Man eating only McDonald's for 100 days shares how much weight he's lost so far

Update: Kevin Maginnis completed the challenge on June 1 and shared his final weight loss and bloodwork results on the TODAY show. He exceeded his weight loss target and said that his next goal is to integrate more fitness into his health routine.

Kevin Maginnis is celebrating his birthday on Tuesday, but he isn't having any cake. After all, it's not something you typically find on the McDonald's dessert menu.

For the past 43 days, the 57-year-old has eaten nothing but McDonald’s — his goal is to eat only from the fast-food chain for 100 days in an effort to lose weight. And he hasn’t faltered once yet.

"If it doesn’t come through a McDonald’s, it’s not going into my body for this 100 days," he tells "A birthday cupcake is not going to cause me to not finish this."

Maginnis’ approach is quite simple: Order three McDonald’s meals a day but only consume half of each meal to reduce caloric intake. He then saves the rest for his next meal.

Since embarking on the challenge in February, Maginnis has lost 33 pounds, and he's lowered his cholesterol significantly, he says. He's even convinced another person to join him on the journey: his wife, Melody, who has already dropped 3 pounds.

“She’s Mclovin’ it,” he quips.

The Nashville resident was surprised when his wife recently decided to join him on the 100-day challenge because he hadn't suggested it.

“Not once did I bring up anything because I’m a smart man,” he says.

But gradually, Melody saw how well her husband was doing and decided to join in.

"I think she’s beautiful now so it’s just the health reasons (that are motivating us)," Maginnis says. We want to get into a better overall healthy weight."

Since Maginnis first went viral for his unconventional approach to weight loss — which he's been documenting on TikTok — many people have called his 100-day challenge a “diet,” but he’s quick to clarify that it’s not.

“You can’t call me eating McFlurries and Big Macs and quarter pounders a diet,” he explains.

Instead of depriving himself of certain foods, the Nashville resident is focused on portion control and only eats when he is physically hungry.

“I wait until I have that actual heat, not my head craving foods but my body actually at that place where it’s really truly hungry,” he says.

Maginnis adds that he's not bored with the food he's eating, and he's hardly been tempted to eat elsewhere since there's plenty of variety on the McDonald's menu.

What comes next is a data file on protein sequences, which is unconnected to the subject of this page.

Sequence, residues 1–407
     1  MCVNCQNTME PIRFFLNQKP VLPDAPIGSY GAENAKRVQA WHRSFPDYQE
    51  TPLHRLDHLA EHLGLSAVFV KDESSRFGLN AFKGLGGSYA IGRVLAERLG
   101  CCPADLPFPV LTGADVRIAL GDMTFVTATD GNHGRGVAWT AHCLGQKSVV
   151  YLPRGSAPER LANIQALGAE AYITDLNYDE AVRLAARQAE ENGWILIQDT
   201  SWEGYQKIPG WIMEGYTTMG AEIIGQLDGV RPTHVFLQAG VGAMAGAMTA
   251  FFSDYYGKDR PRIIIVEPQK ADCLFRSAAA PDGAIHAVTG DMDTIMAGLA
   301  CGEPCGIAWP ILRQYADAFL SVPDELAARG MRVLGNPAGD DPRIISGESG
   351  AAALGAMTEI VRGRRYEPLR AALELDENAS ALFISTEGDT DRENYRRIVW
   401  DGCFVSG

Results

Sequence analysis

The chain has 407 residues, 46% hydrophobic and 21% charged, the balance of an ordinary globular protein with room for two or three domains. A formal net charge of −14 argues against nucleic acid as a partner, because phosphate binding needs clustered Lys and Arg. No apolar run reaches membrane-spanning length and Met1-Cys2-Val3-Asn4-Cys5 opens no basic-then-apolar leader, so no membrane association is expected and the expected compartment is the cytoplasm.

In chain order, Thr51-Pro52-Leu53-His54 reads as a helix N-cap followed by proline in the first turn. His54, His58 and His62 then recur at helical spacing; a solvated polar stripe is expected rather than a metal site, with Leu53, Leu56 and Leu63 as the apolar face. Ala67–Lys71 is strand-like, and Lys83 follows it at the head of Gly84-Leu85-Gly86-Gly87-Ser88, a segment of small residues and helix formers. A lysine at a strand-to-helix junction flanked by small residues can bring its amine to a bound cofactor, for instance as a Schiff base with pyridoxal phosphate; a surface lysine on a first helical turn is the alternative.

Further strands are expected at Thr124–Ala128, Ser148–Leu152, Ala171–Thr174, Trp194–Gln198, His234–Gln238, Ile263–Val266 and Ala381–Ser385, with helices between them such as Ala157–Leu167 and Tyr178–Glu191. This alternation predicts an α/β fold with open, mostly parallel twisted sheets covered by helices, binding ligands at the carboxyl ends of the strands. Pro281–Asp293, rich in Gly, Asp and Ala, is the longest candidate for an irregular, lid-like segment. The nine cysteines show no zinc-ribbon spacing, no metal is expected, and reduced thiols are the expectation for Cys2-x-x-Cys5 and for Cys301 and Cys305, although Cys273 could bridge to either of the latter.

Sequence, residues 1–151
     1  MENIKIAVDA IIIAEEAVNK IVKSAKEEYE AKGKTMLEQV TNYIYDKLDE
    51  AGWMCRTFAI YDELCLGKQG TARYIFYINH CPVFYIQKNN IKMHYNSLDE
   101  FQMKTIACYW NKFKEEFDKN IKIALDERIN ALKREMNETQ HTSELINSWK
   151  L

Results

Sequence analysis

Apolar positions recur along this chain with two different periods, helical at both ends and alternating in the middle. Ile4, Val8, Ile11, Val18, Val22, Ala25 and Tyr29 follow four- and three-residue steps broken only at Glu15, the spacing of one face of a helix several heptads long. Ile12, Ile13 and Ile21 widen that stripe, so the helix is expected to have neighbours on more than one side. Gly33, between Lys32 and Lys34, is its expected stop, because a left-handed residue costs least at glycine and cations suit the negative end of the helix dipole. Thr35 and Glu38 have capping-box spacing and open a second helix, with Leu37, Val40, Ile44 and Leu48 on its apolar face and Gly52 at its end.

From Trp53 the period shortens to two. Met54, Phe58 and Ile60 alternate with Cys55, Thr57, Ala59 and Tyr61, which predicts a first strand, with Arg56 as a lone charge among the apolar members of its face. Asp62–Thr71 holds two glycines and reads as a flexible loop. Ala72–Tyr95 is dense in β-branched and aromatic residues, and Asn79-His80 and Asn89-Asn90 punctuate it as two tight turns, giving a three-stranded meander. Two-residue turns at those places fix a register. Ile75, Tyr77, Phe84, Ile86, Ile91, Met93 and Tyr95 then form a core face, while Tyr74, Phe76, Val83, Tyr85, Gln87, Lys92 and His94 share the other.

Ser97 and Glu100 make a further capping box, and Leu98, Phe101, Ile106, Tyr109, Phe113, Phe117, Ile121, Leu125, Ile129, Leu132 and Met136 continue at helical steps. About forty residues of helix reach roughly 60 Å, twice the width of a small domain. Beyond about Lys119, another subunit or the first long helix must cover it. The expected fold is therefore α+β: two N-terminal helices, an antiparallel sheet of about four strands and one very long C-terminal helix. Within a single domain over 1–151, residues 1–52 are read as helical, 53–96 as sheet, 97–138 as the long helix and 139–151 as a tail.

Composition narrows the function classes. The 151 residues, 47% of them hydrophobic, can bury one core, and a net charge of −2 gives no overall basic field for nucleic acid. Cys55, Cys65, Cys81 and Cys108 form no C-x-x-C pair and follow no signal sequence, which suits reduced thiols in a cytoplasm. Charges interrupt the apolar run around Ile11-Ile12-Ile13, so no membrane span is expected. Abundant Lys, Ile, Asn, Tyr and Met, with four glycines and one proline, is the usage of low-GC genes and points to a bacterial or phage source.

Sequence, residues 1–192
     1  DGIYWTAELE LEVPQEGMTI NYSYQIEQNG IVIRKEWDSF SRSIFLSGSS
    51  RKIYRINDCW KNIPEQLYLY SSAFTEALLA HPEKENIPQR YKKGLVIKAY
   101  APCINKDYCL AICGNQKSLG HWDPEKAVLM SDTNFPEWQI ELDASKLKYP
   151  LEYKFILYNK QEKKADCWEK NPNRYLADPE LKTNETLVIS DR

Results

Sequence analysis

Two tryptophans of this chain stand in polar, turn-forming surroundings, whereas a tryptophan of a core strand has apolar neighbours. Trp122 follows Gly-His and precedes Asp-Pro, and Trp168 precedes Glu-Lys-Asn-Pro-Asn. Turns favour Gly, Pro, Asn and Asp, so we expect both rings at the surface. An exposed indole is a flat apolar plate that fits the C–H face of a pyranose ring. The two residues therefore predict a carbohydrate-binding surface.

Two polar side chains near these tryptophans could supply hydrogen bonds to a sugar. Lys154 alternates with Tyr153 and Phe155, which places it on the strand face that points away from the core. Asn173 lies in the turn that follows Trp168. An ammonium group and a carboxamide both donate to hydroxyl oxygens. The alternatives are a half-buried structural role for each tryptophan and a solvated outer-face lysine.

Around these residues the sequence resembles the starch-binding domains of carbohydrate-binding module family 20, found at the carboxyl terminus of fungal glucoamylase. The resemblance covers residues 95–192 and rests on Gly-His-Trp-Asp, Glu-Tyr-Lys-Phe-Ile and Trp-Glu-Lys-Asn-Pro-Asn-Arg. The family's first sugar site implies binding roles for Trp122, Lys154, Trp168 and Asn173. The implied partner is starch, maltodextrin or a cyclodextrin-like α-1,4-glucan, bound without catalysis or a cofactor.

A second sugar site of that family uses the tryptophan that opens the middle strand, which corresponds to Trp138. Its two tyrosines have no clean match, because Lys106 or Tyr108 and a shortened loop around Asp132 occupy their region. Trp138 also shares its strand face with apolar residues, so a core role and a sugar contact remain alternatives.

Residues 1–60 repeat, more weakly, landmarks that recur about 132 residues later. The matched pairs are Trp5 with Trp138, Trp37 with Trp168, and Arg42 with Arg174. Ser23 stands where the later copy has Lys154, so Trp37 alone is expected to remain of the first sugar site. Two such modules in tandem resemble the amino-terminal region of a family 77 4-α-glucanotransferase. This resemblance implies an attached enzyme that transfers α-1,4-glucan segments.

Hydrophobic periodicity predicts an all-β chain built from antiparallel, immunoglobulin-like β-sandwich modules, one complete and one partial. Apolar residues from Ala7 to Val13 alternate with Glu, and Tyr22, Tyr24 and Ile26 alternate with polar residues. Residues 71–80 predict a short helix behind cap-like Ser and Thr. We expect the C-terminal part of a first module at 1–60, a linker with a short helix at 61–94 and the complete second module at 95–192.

“Hunger, it turns out, is one of the best seasonings you can add to anything,” he says.

Since he’s focused on portion control and not eliminating certain foods from his diet, Maginnis doesn’t have a need for “cheat days.”

“I’m never depriving myself. I’m eating McFurries, I’m eating cinnamon rolls, I’m hitting Big Macs, I’m eating French fries," he says. "I’m just delaying myself because I’m going eat the whole thing. I’m just not going to eat it all in one sitting."

Maginnis' goal is to lose 50 pounds in 100 days, and he's well on his way to achieving it.

Of course, he’s also aware that he has critics, particularly those in the medical field who have pointed out that eating McDonald’s for 100 days straight isn’t exactly a healthy choice. But he feels strongly that shedding the pounds first is more important for his health than changing the foods he eats.

"Eating different macronutrients that are going to help my brain function — if I’m dead, my brain function is not going to improve, so let's get rid of this (obesity) killer first," he says.

Registered dietitian Frances Largeman-Roth previously told that while you can lose weight while eating fast food, some of the ingredients aren't ideal for a healthy diet.

“Even though Kevin is cutting his meals in half, he’s still getting well over the recommended 2,300 milligrams of sodium daily. One bacon, egg and cheese biscuit contains 1,330 milligrams of sodium, and a Big Mac has over 1,000 milligrams without ketchup or mustard,” she explained.

In addition, Largeman-Roth said Maginnis will eventually need to add physical activity to his regiment once the weight loss plateaus.

"And let’s remember that health isn’t just about the number on the scale. It’s also about cardiovascular health and other measures,” she added.

In the long term, Maginnis agrees that exercise and vitamins are important. But for the remainder of his 100-day challenge, he's just going to focus on portion control — "and on my body, it seems to be working," he says.

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